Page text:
Pope Francis constantly invites all Christians to go to her especially during these difficult days. For us priests, it is very fitting to use a short prayer for the spiritual well-being of a penitent and as a form of dismissal for the Sacrament of Reconciliation: "May the Passion of our Lord Jesus Christ, the intercession of the Blessed Virgin Mary, and of all the saints, whatever good you do and suffering you endure, heal your sins, help you to grow in holiness, and reward you with eternal life. Go in peace." Let us not be afraid to be close to Mary because closeness to Mary is closeness to God. Amen.


Grace To Beg For: “[T]he first step of faith is to tell God that we need him, that we need him to be close to us” (Homily of His Holiness Pope Francis, November 29, 2020). Let us ask that the seed of faith in us be planted close enough to its source to grow. "St. Thomas Aquinas... explains it as follows: faith is a habitus, that is, a stable disposition of the spirit, through which eternal life takes root in us and reason is led to consent to what it does not see" (Spe Salvi, Benedict XVI). However, more than our closeness to God, "Advent," according to Pope Francis, "is the season for remembering that closeness of God who came down to dwell in our midst."

Points To Consider:

1. Mary unlocked the best of our human nature which we share in common with her. No wonder she is our tainted nature's solitary boast according to William Wordsworth. There is even an early tradition that when the apostles went to open Mary’s tomb, instead of seeing her body, they saw that it was filled with the most fragrant flowers, confirming that Jesus had taken her up to heaven. Flowers, which we do not exactly see when or how they bloom, account for 35 percent of the world's crop production. Thanks to these often unnoticed members of creation. Through contemplation of nature may we unlock once again our closeness to and dependence on nature. Closeness to nature is closeness to the Creator.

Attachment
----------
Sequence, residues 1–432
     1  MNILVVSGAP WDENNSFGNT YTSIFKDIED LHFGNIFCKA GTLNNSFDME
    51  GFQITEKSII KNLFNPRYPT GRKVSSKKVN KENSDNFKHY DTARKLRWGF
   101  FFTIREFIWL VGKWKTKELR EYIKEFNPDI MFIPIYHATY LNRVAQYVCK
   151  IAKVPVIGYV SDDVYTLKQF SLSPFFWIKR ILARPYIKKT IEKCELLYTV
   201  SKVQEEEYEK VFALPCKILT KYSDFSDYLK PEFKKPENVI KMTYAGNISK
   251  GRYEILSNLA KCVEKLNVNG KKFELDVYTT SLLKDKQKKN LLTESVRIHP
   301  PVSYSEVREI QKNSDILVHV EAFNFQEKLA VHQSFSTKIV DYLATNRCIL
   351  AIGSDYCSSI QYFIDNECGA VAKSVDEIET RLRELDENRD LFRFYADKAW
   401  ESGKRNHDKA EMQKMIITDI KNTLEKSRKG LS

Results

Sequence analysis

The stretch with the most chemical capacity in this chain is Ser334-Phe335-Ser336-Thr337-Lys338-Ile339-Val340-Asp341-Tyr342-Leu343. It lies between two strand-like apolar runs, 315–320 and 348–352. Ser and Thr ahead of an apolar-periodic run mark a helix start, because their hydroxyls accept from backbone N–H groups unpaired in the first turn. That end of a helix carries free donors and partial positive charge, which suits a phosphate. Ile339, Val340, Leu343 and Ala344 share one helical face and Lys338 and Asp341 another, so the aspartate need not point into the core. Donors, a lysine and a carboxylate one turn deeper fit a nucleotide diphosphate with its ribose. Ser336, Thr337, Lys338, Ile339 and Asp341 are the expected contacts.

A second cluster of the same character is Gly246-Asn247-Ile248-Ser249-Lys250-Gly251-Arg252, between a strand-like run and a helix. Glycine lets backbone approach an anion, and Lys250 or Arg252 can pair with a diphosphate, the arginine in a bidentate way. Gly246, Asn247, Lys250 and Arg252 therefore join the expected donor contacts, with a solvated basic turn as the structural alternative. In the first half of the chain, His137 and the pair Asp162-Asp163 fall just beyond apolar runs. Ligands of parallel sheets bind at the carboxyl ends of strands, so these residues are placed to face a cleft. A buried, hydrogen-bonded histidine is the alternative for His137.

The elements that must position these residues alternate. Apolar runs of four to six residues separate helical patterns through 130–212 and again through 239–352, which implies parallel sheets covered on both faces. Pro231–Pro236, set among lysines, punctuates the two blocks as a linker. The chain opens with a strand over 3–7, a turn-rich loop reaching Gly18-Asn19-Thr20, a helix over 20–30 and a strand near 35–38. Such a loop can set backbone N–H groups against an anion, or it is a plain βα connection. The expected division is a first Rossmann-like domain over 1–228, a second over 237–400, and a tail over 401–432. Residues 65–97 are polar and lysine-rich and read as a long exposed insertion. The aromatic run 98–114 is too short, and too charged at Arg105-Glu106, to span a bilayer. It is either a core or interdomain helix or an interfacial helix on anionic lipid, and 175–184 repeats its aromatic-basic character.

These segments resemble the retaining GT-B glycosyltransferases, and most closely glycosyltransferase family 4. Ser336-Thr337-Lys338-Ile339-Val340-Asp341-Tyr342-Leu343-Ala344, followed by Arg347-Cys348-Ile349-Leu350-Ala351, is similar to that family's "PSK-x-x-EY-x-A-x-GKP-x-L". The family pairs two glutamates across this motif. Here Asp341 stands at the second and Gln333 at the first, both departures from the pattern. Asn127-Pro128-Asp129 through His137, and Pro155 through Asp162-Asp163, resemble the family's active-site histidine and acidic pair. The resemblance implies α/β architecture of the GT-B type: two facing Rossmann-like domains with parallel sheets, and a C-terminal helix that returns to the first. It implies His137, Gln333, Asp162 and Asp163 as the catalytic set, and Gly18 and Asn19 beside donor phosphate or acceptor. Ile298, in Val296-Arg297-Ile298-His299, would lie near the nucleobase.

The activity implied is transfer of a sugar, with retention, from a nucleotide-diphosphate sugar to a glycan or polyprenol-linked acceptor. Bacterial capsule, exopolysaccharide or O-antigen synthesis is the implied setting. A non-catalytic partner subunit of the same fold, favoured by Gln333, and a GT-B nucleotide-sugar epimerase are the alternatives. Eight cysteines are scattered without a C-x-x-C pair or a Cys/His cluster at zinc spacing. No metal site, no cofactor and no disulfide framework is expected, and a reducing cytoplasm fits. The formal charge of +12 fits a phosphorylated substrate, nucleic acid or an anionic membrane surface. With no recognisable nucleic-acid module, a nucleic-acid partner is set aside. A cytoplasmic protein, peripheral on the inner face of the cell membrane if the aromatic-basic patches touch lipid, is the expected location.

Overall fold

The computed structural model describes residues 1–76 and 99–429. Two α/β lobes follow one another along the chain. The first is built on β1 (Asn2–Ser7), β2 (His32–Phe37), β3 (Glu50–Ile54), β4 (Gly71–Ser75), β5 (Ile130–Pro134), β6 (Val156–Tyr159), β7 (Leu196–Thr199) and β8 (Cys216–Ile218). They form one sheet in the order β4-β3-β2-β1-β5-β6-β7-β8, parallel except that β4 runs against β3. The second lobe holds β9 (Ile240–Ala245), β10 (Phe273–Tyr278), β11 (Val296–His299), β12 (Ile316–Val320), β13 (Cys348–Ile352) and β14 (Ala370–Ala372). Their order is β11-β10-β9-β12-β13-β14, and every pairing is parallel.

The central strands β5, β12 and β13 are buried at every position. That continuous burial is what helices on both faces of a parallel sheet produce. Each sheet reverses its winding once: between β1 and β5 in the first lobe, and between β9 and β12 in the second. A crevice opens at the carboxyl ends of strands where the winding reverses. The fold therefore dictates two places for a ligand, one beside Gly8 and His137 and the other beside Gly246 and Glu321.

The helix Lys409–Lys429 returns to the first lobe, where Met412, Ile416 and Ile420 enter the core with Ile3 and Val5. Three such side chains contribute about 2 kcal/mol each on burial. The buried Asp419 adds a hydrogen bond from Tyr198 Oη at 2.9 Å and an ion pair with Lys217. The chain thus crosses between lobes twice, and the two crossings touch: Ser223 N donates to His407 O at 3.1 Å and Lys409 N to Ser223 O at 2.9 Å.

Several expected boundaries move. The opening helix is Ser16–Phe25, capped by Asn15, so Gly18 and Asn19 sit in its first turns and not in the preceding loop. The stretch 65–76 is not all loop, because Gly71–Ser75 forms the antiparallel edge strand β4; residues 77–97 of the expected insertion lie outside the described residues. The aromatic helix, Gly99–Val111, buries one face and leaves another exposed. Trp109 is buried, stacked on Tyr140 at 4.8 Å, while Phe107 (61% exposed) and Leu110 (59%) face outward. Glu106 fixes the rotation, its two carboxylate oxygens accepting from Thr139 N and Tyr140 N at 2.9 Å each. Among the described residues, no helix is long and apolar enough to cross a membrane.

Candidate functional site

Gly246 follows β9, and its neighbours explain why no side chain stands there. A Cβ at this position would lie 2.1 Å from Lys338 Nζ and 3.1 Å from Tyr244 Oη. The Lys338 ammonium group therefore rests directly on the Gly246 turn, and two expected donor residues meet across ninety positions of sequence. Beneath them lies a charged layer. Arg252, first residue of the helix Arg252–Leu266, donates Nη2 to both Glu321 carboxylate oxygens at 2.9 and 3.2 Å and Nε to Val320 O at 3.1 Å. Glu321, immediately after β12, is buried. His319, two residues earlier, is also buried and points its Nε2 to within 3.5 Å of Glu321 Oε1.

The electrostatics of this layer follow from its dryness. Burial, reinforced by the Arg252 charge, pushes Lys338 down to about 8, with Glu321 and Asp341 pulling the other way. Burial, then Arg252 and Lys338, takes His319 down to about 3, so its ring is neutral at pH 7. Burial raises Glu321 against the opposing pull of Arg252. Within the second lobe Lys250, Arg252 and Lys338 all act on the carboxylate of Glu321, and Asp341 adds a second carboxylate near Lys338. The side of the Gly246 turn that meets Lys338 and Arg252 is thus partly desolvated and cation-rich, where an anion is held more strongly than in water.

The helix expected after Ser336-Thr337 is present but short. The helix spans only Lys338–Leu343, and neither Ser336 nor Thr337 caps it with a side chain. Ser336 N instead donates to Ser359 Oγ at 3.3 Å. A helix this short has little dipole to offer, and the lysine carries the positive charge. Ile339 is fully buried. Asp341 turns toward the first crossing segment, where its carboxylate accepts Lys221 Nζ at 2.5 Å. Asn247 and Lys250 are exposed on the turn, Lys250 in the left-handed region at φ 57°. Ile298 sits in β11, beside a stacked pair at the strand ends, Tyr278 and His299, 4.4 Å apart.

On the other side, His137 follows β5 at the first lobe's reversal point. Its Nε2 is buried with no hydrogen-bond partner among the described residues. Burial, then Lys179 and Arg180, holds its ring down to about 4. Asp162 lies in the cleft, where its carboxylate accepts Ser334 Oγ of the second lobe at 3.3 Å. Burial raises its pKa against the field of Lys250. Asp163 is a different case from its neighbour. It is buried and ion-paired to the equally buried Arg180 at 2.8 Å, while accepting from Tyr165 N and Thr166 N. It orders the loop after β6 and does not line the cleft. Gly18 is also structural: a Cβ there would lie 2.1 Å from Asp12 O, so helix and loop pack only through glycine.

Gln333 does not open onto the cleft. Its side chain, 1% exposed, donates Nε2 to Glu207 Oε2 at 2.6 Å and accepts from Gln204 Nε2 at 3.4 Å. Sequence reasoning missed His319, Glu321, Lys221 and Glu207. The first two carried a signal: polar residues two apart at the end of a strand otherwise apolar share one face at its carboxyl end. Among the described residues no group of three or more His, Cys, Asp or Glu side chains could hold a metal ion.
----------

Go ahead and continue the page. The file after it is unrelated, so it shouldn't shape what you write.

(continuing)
The Virgin
by William Wordsworth

Mother! whose virgin bosom was uncrost
With the least shade of thought to sin allied.
Woman! above all women glorified,
Our tainted nature's solitary boast;
Purer than foam on central ocean tost;
Brighter than eastern skies at daybreak strewn
With fancied roses, than the unblemished moon
Before her wane begins on heaven's blue coast;
Thy image falls to earth. Yet some, I ween,
Not unforgiven the suppliant knee might bend,
As to a visible Power, in which did blend
All that was mixed and reconciled in thee
Of mother's love with maiden purity,
Of high with low, celestial with terrene!

Gratefulness: Video clip of Louie Schwartzberg's TED talk on Nature. Beauty. Gratitude.


2. Who among the biblical models of closeness to God can you resonate with? Below is a list of such persons that are represented through symbols in the centuries-old family tradition of the Jesse Tree. Take this time to brush up on your knowledge of scriptures as you locate Jesus Christ within the lineage of King David, son of Jesse.